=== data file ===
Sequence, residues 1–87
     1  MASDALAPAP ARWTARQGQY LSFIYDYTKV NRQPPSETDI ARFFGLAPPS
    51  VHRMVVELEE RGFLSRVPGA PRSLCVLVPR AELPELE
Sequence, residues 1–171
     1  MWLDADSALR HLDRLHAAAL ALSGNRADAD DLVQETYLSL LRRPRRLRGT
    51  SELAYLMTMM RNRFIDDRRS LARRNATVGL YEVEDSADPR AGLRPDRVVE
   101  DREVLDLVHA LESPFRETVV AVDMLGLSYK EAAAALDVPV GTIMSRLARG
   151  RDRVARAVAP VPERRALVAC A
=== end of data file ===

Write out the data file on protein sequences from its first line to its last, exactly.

Sequence, residues 1–87
     1  MASDALAPAP ARWTARQGQY LSFIYDYTKV NRQPPSETDI ARFFGLAPPS
    51  VHRMVVELEE RGFLSRVPGA PRSLCVLVPR AELPELE
Sequence, residues 1–171
     1  MWLDADSALR HLDRLHAAAL ALSGNRADAD DLVQETYLSL LRRPRRLRGT
    51  SELAYLMTMM RNRFIDDRRS LARRNATVGL YEVEDSADPR AGLRPDRVVE
   101  DREVLDLVHA LESPFRETVV AVDMLGLSYK EAAAALDVPV GTIMSRLARG
   151  RDRVARAVAP VPERRALVAC A